Sky & Telescope illustration
Gemini 00-01° A Glass-Bottomed Boat Reveals Undersea Wonders [+]
KEYNOTE: The revelation of unconscious energies and submerged psychic structures.
- 00 Mutable 21 [Sun · Moon · Circe] ☍ 15 Cardinal 21 [Nestor [+] · Kassandra · Mnemosyne · California]
- 22 Mutable 51 [Malpighi [+] · Marion [+][+][+][+][+] · Venus · Quaoar · Georgia] ☍ 07 Fixed 51 [Ulula [+][+] · Dejopeja · Selene · Waterfield · Perseverantia].
Date Planet Longitude Speed (-Rx) Declination 120606 Sun 15 ge 45'35.7391 0.9567032 22°40'31.5646 120606 Venus 15 ge 44'13.9056 -0.6295765 22°49'28.0732
Visibility: The last Venus transit was in 2004 so the second event of the pair will occur on Wednesday, June 6 (Tuesday, June 5 from the Western Hemisphere). The entire event will be widely visible from the western Pacific, eastern Asia and eastern Australia as shown in Figure 1. Most of North and Central America, and northern South America will witness the beginning of the transit (on June 5) but the Sun will set before the event ends. Similarly, observers in Europe, western and central Asia, eastern Africa and western Australia will see the end of the event since the transit will already be in progress at sunrise from those locations. For Northern Hemisphere locations above latitude ~67° north, all of the transit is visible regardless of the longitude. Northern Canada and all of Alaska will also see the entire event. Residents of Iceland are in a unique wedge-shaped part of the path (Region X in Figure 1). They will see both the start and end of the transit but the Sun will set for a short period around greatest transit. A similarly shaped region exists south of Australia (Region Y in Figure 1), but here, the Sun rises after the transit begins and sets before the event ends.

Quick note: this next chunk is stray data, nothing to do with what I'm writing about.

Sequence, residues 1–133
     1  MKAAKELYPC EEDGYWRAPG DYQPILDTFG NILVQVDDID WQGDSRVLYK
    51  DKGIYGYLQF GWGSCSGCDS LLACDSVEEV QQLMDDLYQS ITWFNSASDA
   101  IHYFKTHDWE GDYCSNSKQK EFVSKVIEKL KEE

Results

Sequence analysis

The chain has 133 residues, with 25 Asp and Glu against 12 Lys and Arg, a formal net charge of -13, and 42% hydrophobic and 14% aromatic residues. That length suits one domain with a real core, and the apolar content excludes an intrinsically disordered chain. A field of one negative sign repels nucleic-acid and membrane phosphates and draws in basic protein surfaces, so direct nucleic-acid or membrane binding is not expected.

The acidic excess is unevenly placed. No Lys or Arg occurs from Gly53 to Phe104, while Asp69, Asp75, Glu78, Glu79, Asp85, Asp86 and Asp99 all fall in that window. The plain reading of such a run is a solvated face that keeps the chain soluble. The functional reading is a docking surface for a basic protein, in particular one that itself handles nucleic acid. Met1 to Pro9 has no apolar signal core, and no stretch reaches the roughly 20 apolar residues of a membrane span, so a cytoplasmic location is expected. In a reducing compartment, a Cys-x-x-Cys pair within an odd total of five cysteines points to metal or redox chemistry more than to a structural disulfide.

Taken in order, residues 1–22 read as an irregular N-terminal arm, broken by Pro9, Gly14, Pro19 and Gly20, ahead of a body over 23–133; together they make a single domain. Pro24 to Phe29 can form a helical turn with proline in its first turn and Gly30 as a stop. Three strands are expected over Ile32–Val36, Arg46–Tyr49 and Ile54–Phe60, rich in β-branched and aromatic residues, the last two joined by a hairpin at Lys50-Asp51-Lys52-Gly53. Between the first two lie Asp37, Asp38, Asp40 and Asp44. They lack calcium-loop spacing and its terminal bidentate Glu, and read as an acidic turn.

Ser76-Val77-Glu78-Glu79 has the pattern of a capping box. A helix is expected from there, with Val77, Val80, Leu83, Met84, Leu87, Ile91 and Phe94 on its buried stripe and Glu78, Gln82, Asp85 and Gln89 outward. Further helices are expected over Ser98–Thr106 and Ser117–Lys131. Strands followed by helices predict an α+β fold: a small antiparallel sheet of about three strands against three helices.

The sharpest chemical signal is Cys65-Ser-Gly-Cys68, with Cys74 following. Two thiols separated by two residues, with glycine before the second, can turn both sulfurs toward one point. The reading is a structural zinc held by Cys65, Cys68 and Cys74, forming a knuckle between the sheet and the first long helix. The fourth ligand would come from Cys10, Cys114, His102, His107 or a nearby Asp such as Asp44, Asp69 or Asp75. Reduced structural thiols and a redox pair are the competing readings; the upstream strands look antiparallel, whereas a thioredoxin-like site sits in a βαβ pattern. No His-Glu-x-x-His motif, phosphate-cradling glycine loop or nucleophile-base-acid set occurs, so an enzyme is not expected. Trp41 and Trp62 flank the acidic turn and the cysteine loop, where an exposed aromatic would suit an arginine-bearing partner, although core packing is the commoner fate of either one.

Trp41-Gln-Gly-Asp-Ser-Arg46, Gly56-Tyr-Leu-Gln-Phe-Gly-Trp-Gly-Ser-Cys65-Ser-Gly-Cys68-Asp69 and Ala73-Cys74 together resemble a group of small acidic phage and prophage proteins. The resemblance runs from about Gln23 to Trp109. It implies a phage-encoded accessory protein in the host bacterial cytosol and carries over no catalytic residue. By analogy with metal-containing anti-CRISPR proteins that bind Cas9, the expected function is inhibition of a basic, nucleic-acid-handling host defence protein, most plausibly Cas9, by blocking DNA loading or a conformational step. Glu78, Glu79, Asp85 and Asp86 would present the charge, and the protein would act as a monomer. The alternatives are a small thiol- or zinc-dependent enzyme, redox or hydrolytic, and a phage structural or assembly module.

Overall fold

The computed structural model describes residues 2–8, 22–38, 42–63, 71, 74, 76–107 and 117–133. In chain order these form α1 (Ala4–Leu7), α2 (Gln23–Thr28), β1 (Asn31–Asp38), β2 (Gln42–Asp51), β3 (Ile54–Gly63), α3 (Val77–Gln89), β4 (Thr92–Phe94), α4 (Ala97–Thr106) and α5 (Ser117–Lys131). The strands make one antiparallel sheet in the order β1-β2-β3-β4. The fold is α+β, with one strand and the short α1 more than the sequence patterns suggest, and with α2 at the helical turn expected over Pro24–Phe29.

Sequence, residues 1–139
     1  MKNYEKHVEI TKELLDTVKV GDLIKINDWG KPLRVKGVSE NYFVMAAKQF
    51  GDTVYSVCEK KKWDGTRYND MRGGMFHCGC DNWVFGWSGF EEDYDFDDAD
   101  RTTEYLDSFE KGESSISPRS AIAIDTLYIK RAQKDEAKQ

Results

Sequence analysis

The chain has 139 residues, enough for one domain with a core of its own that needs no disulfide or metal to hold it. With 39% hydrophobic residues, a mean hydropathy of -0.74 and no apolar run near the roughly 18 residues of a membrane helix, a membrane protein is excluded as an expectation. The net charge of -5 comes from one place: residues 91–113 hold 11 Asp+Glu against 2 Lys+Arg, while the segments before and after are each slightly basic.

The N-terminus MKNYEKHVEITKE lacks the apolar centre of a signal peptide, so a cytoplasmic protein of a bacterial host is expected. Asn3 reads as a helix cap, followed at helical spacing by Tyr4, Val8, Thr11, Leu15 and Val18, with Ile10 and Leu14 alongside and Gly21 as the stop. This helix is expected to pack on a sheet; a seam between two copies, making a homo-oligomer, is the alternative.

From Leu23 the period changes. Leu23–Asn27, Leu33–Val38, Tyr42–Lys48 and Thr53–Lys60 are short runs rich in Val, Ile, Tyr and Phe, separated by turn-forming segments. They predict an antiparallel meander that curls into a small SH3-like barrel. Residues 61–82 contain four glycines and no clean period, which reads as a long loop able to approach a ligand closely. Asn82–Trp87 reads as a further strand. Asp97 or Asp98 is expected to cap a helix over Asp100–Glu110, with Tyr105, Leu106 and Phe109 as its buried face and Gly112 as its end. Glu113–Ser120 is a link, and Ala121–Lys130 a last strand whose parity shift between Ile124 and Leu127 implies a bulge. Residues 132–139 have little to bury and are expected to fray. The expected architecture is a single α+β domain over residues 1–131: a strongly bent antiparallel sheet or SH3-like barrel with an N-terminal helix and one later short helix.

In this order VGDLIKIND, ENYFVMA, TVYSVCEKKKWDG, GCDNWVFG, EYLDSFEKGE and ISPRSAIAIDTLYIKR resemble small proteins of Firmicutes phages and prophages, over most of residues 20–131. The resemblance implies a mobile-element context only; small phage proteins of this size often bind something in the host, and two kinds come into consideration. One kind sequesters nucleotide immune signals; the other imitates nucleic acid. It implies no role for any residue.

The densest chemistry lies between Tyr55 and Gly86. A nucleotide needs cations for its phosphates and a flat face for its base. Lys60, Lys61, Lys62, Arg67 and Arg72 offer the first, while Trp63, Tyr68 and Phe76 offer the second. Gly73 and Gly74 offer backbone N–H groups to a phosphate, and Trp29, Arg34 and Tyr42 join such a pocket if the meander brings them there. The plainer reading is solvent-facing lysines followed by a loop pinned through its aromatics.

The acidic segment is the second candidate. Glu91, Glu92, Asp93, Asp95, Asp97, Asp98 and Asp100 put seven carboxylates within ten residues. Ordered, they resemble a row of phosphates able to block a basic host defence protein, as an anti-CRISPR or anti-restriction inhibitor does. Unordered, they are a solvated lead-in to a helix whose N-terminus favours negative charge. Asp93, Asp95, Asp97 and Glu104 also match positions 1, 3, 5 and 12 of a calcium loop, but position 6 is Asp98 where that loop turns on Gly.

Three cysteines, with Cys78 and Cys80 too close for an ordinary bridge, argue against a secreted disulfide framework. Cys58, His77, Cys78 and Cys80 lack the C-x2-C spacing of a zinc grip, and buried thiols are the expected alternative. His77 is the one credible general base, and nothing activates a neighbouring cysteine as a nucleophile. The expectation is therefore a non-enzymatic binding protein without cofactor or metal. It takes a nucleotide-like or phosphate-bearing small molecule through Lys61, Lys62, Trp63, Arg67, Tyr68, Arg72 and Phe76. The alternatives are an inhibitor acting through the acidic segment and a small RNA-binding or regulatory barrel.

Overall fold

Gemini 15-16° A Woman Activist In An Emotional Speech Dramatizing Her Cause
KEYNOTE: A passionate response to a deeply felt new experience.